KING	And the ingredients. What of the ingredients?
SETON	As far as I could tell they were identical.
KING	Then why did you fail?
SETON	I know not.
KING	Still obstinate!
SETON	Still in the dark!
KING	I see! Look you here. I have now at my disposal both your
	method and recipe and I therefore propose to try for rnyself.
	Is there anything else that I need to know before attempting
	my own transmutation!
SETON	Indeed there is! Your attitude of mind is all important.
	Success comes only with endless devotion.
KING	(Very angry)  There you go again!  I am warning you 
	Seton! What are you implying? What are you saying?  That I 
	have not the mental capacity for this?  You arrogant, stupid, 
	vain creature! You think that you are the only one in the world 
	with this sort of talent, this (kind of) power?  What makes you 
	so special?  Answer me that!
	What make you so singular among men?  Tell me!


	Seton, why are you crying?  Seton?
SETON	Because I feel your pain as well as my own.
KING	I will go now and try out the powder.  If it does not work this 
	time I will consider that you have failit me once again and that 
	further treatment will unfortunately be necessitatit.  I am told 
	that our wrack is quite exceptional in its brutality.

		(Enter Alberto)

	Good day to you Mister Seton.  You will be hearing from
	me once again.

		(Alberto leads the King out. The guard locks the door.)

SETON	How can any man be so misguidit?

		(Enter Meg disguised as a guard)

MEG	(In a man's voice)  My turn for duty. I have had orders to 
	relieve you early. Have you the keys?

		(The guard gives Meg the keys and exits.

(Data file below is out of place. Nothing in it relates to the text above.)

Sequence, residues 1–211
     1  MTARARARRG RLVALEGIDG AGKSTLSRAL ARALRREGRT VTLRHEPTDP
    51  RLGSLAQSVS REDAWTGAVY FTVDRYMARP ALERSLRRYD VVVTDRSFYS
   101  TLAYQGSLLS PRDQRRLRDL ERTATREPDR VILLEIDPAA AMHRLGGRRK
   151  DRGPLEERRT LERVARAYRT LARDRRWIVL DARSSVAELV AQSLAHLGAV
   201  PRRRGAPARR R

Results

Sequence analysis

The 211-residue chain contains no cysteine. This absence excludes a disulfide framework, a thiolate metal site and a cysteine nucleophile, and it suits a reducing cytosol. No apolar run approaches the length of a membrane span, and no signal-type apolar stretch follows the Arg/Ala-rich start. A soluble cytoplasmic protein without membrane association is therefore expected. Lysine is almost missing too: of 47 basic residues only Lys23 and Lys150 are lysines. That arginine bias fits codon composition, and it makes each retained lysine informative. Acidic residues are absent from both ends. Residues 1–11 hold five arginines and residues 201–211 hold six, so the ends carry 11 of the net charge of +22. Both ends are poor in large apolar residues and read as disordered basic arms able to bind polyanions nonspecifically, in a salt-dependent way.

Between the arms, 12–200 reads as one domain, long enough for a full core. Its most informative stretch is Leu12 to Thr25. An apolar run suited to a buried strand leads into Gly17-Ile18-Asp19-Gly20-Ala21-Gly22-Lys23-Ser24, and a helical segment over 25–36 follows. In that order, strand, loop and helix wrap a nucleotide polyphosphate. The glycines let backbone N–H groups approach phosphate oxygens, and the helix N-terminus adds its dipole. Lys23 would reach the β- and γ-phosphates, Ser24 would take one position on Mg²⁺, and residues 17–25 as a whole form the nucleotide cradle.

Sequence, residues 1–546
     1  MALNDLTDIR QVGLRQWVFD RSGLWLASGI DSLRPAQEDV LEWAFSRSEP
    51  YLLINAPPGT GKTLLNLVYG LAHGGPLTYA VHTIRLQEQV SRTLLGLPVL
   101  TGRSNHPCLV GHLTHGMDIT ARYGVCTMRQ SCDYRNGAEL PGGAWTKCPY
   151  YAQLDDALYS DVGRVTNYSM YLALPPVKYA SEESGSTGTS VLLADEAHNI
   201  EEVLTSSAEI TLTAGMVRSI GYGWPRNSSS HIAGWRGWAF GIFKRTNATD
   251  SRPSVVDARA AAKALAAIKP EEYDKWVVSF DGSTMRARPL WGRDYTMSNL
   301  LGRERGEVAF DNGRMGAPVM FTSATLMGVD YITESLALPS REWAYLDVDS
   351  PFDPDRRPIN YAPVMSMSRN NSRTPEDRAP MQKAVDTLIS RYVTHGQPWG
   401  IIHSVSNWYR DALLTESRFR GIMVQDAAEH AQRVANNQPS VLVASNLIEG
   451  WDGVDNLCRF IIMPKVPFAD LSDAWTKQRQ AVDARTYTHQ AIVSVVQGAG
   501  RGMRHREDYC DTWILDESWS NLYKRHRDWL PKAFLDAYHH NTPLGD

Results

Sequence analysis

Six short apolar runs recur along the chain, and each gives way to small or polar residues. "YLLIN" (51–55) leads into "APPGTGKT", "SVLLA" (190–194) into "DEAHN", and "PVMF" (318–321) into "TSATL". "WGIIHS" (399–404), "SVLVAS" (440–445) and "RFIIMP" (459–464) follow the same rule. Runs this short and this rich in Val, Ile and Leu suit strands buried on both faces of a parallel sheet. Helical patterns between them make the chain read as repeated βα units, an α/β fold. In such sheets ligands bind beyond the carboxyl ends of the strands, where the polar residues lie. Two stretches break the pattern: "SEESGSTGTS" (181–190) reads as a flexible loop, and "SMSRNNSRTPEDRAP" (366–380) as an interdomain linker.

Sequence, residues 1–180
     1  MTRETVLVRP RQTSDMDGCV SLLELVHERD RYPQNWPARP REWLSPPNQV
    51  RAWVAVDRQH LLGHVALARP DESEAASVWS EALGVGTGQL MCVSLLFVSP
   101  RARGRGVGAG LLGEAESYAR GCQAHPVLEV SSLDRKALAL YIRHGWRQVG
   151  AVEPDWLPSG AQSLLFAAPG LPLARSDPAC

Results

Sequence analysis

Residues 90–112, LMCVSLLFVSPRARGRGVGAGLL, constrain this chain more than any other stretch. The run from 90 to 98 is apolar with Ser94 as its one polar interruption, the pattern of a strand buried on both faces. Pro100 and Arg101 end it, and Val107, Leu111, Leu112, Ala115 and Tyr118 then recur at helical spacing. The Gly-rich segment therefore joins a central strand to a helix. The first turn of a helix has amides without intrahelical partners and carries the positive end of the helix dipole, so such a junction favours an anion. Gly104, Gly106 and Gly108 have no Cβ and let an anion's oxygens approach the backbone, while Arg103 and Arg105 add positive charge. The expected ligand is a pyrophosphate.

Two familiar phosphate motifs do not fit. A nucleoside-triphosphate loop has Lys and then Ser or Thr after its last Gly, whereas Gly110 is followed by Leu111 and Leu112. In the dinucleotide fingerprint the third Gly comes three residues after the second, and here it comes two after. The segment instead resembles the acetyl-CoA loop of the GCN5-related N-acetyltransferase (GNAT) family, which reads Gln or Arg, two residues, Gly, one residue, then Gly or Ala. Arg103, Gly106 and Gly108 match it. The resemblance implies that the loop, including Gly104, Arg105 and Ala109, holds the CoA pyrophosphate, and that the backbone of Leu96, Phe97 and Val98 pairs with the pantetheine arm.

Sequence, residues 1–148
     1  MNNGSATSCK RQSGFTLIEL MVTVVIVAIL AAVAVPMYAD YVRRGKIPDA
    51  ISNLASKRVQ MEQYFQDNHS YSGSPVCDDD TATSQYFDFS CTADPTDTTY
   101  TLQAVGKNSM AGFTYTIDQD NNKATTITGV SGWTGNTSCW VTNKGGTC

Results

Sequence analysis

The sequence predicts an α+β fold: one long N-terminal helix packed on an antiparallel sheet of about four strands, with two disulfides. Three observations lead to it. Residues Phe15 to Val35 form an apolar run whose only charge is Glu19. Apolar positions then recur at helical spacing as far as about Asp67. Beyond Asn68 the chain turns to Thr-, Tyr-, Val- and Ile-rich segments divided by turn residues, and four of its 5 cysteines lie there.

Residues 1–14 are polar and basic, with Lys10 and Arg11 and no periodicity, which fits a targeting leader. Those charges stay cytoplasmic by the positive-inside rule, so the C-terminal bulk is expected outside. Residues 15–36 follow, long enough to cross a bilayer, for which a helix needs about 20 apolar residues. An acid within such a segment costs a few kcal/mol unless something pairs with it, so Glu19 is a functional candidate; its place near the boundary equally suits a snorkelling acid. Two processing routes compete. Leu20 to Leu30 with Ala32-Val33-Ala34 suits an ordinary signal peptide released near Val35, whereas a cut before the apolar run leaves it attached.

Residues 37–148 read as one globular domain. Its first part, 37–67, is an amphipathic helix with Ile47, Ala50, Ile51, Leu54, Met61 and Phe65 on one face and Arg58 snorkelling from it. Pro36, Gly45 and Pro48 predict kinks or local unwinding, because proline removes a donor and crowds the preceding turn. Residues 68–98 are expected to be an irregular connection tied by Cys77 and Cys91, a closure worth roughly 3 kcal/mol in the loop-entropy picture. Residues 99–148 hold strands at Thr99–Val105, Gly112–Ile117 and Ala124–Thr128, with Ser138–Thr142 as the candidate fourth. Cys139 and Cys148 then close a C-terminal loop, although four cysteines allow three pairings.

MEG	Alexander:
MEG	Tis I! Meg!
MEG	Aye. Can you hear me?
MEG	Can you hear me?
SETON	I can. But I cannot believe it.
	Meg!  How did you get in here?
MEG	I have no time to tell you. Quick! On your feet!
SETON	I cannot walk.
MEG	You can and you must!  I will assist you. We must get 
	you to the courtyard.  There a horse awaits you.  But three 
	hours ride should take you to safety.  You must head for 
	Saxony. There you will be safe.
SETON	But...
MEG	Do not ask questions! Here.  I will help you.
SETON	God bless you Meg!  Bless you! Ah!  My poor feet.
MEG	It is not too far.
SETON	It is almost unbearable.
MEG	Tis nothing to what awaits you tomorrow if you are still here.  
	I have heard the guards talk of the wrack. I have hidden my skirts 	nearby in my sack and will soon be a  woman once more.  
SETON	Will not you come with me?
MEG	I am sure that I will not be. Besides I have decidit to stay here 
	in Prague and open a stall in the Street of the Alchemists. Herbal 
	remedies.  I like it much here. There are mountains nearby.  
	Come on man! That's it!  Go  steady!  Go steady! I will 
	soon have you out of this place.
SETON	Meg!  Have you water?
MEG	Outside in my sack.
SETON	God bless you!
MEG	Go steady!
SETON	God bless you!

		(They stagger out.)
		(Galloping noise and sea sound to denote the passage of time.)